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As beverage companies look at ways to automate warehouse facilities, equipment manufacturers say that more beverage-makers are looking to automated guided vehicles (AGVs). The Automatic Guided Vehicle Systems Industry Group of the Material Handling Industry of America (MHIA) stated in its fall 2010 quarterly report titled “New Paths for Guided Vehicles” that automation today is more flexible and more accommodating to changing operational requirements.
Beverage companies are taking on new strategies in regard to the goals of their recycling initiatives. One would be hard pressed to find a beverage company not involved in recycling, but the industry continues to expand existing recycling programs. Craft brewer Boulevard Brewing Co., Kansas City, Mo., had to expand its recycling efforts in order to become a zero-landfill facility in January. In 2009, Boulevard’s Founder and President John McDonald, Chief Financial Officer Jeff Krum and Technical Director Mike Utz became co-founders and principals of Ripple Glass, a glass recycling company, to help close the loop in the brewer’s glass bottle consumption.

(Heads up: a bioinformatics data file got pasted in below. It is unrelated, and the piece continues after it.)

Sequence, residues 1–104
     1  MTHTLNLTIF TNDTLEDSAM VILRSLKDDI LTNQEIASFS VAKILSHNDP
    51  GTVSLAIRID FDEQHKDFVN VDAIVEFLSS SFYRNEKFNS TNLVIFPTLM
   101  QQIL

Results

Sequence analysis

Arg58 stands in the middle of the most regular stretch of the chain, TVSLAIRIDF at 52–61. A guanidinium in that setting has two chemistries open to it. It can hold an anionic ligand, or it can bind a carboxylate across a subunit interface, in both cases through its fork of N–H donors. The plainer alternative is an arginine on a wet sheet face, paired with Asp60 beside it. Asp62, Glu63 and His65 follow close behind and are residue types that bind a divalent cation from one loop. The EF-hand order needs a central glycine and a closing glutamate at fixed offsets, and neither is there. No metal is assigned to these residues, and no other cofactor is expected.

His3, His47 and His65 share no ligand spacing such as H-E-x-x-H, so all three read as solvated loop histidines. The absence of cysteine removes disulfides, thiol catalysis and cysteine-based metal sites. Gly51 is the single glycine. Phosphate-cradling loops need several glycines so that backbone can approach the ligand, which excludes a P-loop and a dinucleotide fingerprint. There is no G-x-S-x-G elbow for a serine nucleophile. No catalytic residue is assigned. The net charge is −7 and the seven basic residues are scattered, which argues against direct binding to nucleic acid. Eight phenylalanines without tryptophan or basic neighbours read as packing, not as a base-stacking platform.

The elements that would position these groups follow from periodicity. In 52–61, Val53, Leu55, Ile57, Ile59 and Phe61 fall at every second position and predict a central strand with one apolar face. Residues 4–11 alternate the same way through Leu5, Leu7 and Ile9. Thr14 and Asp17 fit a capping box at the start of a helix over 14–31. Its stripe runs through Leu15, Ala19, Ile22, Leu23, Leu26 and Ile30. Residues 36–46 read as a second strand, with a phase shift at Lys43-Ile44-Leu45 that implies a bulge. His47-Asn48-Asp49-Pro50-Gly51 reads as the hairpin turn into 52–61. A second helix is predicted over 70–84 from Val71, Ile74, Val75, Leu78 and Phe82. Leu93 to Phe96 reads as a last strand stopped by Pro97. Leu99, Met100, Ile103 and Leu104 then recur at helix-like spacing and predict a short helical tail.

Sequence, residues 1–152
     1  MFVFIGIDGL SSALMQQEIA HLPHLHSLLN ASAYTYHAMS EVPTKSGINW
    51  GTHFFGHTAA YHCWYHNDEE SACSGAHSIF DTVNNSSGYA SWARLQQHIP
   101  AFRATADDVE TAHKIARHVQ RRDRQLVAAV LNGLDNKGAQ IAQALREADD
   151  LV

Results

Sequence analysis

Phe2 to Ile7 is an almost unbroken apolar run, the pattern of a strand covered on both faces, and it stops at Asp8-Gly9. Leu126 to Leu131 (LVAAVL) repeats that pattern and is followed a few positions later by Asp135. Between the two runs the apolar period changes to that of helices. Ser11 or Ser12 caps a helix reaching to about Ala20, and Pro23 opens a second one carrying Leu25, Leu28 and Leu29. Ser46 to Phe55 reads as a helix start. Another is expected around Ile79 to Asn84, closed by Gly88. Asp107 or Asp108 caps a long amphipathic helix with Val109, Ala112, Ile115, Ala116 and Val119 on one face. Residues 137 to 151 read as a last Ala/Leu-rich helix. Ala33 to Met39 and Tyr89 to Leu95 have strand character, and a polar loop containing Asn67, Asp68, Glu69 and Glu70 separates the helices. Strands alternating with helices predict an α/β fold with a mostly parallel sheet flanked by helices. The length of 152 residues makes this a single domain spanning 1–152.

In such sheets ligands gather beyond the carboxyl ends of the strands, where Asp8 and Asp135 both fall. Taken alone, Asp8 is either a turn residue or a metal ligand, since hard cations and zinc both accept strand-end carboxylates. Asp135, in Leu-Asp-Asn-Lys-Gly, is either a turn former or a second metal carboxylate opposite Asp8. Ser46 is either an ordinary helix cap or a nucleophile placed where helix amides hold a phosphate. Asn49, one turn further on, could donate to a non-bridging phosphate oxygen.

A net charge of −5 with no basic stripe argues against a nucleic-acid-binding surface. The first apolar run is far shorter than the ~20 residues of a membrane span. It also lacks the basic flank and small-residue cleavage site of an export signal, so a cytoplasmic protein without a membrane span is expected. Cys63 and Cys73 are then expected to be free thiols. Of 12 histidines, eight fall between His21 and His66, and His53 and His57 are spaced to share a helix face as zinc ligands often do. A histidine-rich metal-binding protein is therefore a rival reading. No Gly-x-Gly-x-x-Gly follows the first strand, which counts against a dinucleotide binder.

Vehicle repair and maintenance is only as good as the knowledge and skills of the technicians that perform the work. Consequently, the more successful fleets and maintenance operations invest in continuous training for their technicians to help them keep up with new vehicle technology and diagnostic and repair equipment. Fleet’s technicians can take part in TMCSuperTech, a national technician skills competition dedicated to both honoring technician professionalism and acknowledging the best of the best.
To stay competitive in the beverage world, multiple factors need to be considered. Is your product filling a need? Is it well received? Are you producing it in the most cost-efficient way possible? How’s the delivery?
A timely topic for a safety meeting is about working in excessive heat and humidity. The reason being is workers need to take special precautions because such weather conditions can result in a variety of adverse health effects, from discomfort to serious illness, and even death. The body reacts to heat by increasing the blood flow to the skin’s surface and by sweating. This results in cooling as sweat evaporates from the body’s surface and heat is carried to the surface of the body from within by the increased blood flow. Heat also can be lost by radiation and convection from the body’s surface.
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This book addresses the principles of cleaning operations, water supply issues and the science of detergents and disinfectants.